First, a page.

Activity – Find and Create 360 Photos and Video

If you want to create VR learning experiences that are orientations or tours, you may want to use 360 images and video. There are some free 360 photos available under Creative Commons licenses, just be sure to provide proper attribution. (How do I attribute?). 360 videos that are free for use are much harder to find.

While you will capture the highest quality 360 media using a dedicated 360 camera, you can also use your own smartphone with a free app.

First, let’s look at some examples of 360 media.


While you can create 360 photos using your own phone, there are significant quality differences versus if you used a dedicated 360 camera. Here are some examples.

360 photo taken with a 360 camera (click to view in 360):


Figure 1 – “Space Shuttle Atlantis OV-104 main flight deck” by Daniel Molybdenum, Flickr. Public Domain.

360 photo taken with an Android smartphone and Cardboard Camera app (note the letterboxing):


360 photo taken with an Android smartphone and Google Street View app (note the distortion):


Creating Your Own 360 Photos

If you want to create your own 360 video, you will definitely need a dedicated 360 camera.

If you want to create your own 360 photos, you can use a 360 camera to capture high-quality images, or you can use your existing smartphone to capture good-enough images! Before we dive into creating your own images, it’s important to understand how these images are captured and how they are formatted.


Figure 2 – Insta360 ONE X. This is a popular 360 camera that runs about $400.

There are a wide range of 360 cameras. A high-quality one will cost between 300 and 500 dollars. 360 cameras have two camera lenses. When you take a photo or video, it’s actually capturing two different images at once. These two images must be stitched together to create a single image.


Figure 3 – Two lenses means two photos that must be stitched.

Stitching is not necessarily automatic. Some 360 cameras stitch internally. Otherwise, desktop software must be used. The software is usually bundled with the camera.

Once the images are stitched, the final 360 image is in equirectangular format. This is the standard format for 360 images. Equirectangular images are jpeg files that are in a 2:1 ratio.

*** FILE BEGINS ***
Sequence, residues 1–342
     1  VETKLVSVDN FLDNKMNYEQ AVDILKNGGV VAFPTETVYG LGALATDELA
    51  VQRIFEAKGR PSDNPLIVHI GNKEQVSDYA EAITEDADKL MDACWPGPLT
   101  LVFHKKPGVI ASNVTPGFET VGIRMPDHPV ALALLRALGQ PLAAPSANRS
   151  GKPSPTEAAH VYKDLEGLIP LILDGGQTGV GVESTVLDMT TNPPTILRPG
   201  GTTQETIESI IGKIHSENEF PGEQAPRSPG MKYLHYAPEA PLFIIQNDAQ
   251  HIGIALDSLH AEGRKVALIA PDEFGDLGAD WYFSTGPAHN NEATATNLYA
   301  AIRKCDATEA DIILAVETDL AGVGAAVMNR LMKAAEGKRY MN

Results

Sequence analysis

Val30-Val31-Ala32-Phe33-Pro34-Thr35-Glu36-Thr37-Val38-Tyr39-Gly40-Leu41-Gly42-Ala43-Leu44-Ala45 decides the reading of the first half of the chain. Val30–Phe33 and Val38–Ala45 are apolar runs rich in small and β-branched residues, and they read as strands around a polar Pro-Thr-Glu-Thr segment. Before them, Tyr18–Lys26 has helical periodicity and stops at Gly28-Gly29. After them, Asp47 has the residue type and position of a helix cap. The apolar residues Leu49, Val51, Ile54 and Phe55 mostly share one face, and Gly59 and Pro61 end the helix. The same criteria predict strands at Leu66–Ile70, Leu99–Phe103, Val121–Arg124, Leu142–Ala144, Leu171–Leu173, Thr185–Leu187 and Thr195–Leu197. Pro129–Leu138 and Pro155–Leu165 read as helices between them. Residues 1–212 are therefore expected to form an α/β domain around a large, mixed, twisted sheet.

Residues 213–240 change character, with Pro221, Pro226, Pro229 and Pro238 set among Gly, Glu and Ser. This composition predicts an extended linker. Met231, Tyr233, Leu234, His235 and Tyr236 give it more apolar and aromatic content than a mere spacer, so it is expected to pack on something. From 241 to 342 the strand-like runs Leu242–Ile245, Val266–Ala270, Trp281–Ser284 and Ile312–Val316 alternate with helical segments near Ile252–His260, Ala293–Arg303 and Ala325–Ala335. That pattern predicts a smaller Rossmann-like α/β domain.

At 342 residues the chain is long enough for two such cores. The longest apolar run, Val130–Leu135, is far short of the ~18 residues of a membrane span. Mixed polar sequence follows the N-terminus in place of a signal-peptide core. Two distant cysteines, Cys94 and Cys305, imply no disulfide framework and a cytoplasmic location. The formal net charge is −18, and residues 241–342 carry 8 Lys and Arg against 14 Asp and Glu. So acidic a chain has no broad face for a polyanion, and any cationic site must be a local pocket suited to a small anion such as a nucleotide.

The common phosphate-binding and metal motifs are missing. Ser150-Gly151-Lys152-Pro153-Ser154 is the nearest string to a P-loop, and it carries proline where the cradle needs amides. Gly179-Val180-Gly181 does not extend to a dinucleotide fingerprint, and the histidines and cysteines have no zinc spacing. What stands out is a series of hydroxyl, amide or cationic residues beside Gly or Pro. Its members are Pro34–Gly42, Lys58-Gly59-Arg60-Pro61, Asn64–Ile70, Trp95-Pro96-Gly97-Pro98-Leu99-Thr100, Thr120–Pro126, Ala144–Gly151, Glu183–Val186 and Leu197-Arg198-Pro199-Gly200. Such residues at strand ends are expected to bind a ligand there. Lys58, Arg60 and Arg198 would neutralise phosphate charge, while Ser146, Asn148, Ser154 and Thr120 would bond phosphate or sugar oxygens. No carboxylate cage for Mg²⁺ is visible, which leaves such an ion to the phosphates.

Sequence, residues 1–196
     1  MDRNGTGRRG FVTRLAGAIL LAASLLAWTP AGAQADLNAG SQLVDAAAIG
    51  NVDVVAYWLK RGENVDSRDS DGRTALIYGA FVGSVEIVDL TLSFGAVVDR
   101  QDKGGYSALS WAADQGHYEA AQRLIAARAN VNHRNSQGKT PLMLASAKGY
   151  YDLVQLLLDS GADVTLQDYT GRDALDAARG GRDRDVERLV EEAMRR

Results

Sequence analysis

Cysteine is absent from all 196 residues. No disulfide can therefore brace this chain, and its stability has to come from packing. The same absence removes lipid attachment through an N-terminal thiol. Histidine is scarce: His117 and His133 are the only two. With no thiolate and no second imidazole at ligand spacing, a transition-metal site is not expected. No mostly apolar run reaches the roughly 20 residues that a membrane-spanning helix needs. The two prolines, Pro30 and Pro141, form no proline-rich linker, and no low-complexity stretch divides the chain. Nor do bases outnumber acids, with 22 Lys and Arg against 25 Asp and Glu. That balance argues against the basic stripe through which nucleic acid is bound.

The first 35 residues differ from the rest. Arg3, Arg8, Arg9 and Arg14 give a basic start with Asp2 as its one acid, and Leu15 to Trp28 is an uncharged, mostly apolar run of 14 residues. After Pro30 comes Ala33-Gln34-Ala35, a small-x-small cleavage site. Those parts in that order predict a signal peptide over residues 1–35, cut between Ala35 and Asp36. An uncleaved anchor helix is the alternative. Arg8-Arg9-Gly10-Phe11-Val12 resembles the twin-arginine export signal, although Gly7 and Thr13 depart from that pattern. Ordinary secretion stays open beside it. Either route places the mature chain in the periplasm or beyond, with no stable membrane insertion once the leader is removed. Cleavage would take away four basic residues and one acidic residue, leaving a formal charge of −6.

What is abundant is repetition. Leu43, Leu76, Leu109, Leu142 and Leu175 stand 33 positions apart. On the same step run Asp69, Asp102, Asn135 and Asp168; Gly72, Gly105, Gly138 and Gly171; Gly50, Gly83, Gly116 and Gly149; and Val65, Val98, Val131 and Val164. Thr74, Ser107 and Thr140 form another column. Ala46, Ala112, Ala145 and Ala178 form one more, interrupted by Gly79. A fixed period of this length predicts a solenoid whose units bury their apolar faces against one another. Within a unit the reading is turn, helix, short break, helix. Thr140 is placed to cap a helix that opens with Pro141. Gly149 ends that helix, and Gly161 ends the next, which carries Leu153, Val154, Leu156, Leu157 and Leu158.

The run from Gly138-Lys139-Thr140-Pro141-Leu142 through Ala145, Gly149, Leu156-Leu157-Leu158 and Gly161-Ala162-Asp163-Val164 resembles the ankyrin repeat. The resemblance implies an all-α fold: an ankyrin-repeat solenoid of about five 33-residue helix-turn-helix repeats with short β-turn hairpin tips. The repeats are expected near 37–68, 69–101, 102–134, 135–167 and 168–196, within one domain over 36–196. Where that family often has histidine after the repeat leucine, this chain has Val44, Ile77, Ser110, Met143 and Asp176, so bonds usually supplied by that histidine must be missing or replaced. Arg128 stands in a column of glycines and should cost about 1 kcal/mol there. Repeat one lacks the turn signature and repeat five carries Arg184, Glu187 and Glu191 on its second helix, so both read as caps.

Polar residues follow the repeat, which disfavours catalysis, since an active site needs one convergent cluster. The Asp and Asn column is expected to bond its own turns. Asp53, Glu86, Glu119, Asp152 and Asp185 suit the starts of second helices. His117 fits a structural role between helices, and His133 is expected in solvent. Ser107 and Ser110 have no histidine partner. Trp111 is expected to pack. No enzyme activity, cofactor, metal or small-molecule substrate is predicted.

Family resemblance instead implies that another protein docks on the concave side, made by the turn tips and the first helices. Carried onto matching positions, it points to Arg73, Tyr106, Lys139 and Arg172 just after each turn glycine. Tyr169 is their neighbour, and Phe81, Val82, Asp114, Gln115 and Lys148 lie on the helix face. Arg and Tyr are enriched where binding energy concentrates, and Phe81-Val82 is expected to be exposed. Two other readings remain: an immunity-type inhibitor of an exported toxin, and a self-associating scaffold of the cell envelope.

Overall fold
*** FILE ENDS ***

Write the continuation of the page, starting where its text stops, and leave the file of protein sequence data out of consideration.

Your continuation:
Figure 4 – Above images stitched into final equirectangular format photo. Click the image to view in 360.

Equirectangular photos appear distorted when viewed in 2D. They must be viewed in 360 view. Flickr now automatically portrays equirectangular images in 360, or you can use a hosting service like Momento360 (free).

When you use an app to take a 360 photo with your smartphone, you are actually taking many separate photos that are stitched together to make a composite.

Google offers two free apps that you can use to make your own 360 photos with your smartphone.

The first is Cardboard Camera (Android / iOS). This app produces 360 photos that are similar to your regular camera’s panorama mode. To capture an image, you must stand in one spot and very very slowly pan your phone to create the image. The resulting image is not in the requisite 2:1 ratio. I edited my image in Photoshop to add the letterboxing to produce an image that is in 2:1 ratio, and thus a properly formatted equirectangular image that will work in VR projects.

The second app is Google Street View (Android). The Android version works with your regular phone camera. Unfortunately, the iOS version only captures 360 images if you are using it with a 360 camera. This app does allow you to capture a full 360 spherical image with your smartphone’s camera. Rather than slowly panning to create a panorama, the app instructs you to take a series of images while standing in one place that it stitches together to create a final composite. The app is intended to allow users to contribute 360 images to the Google Street View project, but your images are private unless you intentionally share them. When you download the images, they are in proper equirectangular format and ready to use.

A Few Pointers on Capturing 360 Images

Take your 360 photos at eye level. Most VR scenes are viewed from eye level, and it will feel very strange for your user if they are higher or lower than they expect to be.

Here’s an example of an awkward 360 photo taken too high (click to view in 360):

360 photo taken from too high a vantage point

If you use a dedicated 360 camera to capture your photo, you’ll end up capturing either your tripod or yourself in the final image. A colleague of mine recorded a quick video demonstrating how to remove a tripod or photographer from a 360 image using Photoshop’s content aware tool.

If you capture a 360 photo without using a tripod, your horizons may end up skewed. You can level out your photo using additional software. I have used edit360 (Android / iOS, about $5) on my phone to correct horizons. This app is intended for use with the Ricoh Theta 360 camera, but I was able to import my own 360 photos just fine and it allows easy fixing of my horizons!

Finally, you can edit your 360 images in Photoshop in 360 mode! Watch this video to learn how:

That’s it for capturing and editing your own 360 photos! Happy developing.

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